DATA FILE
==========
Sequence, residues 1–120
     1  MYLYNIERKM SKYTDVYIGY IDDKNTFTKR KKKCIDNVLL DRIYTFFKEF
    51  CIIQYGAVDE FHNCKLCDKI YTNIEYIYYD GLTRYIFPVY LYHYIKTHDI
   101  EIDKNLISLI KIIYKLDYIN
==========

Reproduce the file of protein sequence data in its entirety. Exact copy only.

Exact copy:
Sequence, residues 1–120
     1  MYLYNIERKM SKYTDVYIGY IDDKNTFTKR KKKCIDNVLL DRIYTFFKEF
    51  CIIQYGAVDE FHNCKLCDKI YTNIEYIYYD GLTRYIFPVY LYHYIKTHDI
   101  EIDKNLISLI KIIYKLDYIN